If you’ve ever watched an ice hockey game, there is a good chance you have witnessed a power play. It might sound like an odd name for something in sports and truth be told, there isn’t anything quite like it.
So, what is a power play in hockey?
A power play is when a team has extra players on the ice because one or two players on the opposing team committed a penalty. Players who commit a penalty have to sit in the penalty box, while the other team skates at full strength or with four skaters. Power plays are great scoring opportunities.
The penalty box, penalty kill, and power play are all important parts of the game of hockey. For players, it takes years to master the penalty kill or power play, and for fans it can take a while to fully understand the intricacies of what is happening with the power play.
To flesh out some of those details and explain how the power play works we have included the following:
How Long Do Power Plays Last in Hockey?
The length of a power play usually depends on how long the player who committed the penalty needs to sit in the penalty box. Of all the penalties in hockey, the two-minute minor penalty is the most common.
That means the player who committed the penalty sits in the penalty box for two minutes. His team is then only allowed to have four players on the ice during that time.
While a player is in the penalty box, the opposing team is on the power play and has two full minutes to play five against four, or with the man advantage as it is often called. Some penalties, however, are more severe and can last four or even five minutes.
During that length of time, the team of the player that committed the penalty will be shorthanded and the other team will have a power play.
It is also worth noting that two players from a team can be in the penalty box at the same time if they both committed penalties. In that case, they can only have three players on the ice during that time and the opposing team will have a five-on-three power play.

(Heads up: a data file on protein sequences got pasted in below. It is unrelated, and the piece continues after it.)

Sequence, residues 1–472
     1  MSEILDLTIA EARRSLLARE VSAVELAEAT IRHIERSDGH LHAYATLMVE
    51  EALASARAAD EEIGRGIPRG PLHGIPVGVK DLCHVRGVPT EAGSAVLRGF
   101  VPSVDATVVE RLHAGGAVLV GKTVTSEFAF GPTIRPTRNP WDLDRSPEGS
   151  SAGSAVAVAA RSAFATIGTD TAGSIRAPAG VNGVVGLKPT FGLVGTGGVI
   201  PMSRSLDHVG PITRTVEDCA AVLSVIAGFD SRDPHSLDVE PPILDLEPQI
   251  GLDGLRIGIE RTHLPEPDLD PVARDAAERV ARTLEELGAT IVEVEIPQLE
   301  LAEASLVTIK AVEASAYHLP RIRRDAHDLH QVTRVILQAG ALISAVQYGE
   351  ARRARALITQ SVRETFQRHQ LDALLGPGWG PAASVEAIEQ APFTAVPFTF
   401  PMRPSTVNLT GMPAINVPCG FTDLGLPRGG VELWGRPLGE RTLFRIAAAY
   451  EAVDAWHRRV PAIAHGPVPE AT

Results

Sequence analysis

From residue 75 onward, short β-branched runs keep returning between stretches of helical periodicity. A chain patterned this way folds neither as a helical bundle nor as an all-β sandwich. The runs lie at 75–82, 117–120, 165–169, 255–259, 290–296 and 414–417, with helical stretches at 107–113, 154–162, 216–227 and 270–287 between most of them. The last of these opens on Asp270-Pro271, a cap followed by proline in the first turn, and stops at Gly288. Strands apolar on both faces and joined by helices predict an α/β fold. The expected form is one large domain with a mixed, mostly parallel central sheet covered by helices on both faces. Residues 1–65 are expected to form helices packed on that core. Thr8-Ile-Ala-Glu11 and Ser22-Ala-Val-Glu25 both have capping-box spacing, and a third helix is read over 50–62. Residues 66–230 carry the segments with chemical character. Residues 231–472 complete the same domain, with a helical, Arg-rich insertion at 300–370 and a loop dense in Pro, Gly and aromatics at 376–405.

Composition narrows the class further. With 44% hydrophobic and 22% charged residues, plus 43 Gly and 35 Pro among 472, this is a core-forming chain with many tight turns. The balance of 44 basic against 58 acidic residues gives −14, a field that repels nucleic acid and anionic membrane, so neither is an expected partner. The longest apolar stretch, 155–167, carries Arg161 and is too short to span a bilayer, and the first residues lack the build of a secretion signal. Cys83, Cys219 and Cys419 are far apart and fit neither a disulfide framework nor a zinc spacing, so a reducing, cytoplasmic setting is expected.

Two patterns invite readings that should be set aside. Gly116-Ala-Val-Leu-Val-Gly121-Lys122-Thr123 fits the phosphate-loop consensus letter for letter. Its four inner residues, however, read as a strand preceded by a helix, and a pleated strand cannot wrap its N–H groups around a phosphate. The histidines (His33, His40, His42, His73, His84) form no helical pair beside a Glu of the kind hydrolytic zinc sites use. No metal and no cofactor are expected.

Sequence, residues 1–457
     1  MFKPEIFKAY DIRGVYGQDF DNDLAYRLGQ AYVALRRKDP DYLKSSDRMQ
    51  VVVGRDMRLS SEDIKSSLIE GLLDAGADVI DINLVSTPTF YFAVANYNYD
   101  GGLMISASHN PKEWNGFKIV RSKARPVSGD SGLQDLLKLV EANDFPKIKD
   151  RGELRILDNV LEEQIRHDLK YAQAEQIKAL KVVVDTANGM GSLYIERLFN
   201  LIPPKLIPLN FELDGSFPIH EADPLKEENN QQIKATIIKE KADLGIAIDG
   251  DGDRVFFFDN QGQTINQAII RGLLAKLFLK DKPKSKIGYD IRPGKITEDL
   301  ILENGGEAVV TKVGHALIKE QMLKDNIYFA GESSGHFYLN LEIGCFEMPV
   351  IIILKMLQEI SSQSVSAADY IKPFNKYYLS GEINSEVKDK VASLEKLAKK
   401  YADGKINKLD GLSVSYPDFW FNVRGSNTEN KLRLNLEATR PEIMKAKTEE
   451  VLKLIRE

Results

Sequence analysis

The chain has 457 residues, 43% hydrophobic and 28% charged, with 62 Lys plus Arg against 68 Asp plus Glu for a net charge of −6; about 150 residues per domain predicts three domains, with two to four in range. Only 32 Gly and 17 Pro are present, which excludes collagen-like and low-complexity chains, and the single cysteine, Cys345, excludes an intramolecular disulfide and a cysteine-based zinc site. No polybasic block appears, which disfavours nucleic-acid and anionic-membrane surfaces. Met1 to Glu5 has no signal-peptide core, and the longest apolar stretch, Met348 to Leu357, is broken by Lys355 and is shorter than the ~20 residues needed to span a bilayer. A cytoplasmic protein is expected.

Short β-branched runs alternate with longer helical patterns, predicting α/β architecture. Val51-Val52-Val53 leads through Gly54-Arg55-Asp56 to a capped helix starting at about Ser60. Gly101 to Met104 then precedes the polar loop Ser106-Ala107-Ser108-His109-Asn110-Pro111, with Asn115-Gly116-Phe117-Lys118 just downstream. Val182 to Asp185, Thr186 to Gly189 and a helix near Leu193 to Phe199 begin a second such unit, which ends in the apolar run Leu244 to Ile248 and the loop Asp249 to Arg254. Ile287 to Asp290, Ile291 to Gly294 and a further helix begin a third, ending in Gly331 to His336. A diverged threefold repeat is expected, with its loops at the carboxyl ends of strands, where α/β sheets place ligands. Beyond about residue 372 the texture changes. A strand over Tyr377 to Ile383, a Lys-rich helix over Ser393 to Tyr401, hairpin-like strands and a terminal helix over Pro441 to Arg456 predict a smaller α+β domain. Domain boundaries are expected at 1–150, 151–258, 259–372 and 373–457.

Obviously, if that is the case, it makes defending the team with more players very difficult.
Most power plays end when the time on the penalty runs out. If it was a minor penalty, then the power play ends after two minutes.
However, if the team on the power play scores a goal during the power play, the penalty is over, the player is permitted to leave the penalty box, and the team that scored is no longer on the power play.
The rule is different for major penalties though. If a player is sent to the box for a major penalty, they have to stay there for five minutes regardless if the opposing team scores a goal or not.
Do Power Plays Carry Over to the Next Period?
If a player commits a penalty with less than two minutes left in a period, the remainder of the penalty time carries over to the next period. This can be an even greater advantage to the team with the power play as they will start the next period, which will have fresh ice, with a man advantage.
When Do Power Plays End?
As noted above, the two most common ways for a power play to end is for the time on the penalty to run out or for the team on the power play to score a goal.
However, a third ending is possible. If one of the players on the team on the power play commits a penalty, then he will have to sit in the penalty box for two minutes and his team will only be allowed four players on the ice for the duration of his penalty.
This means that the two teams will now play four-on-four rather than the standard five-on-five.
It is also possible for teams to have two players per team in the penalty box which results in the teams playing three-on-three until those players’ penalties are over and they are released from the box.
What Is a Penalty Kill in Hockey?
When a player on a team commits a penalty it puts a lot of pressure on the rest of the team as they will have to play for the next two minutes with one less player than the other team.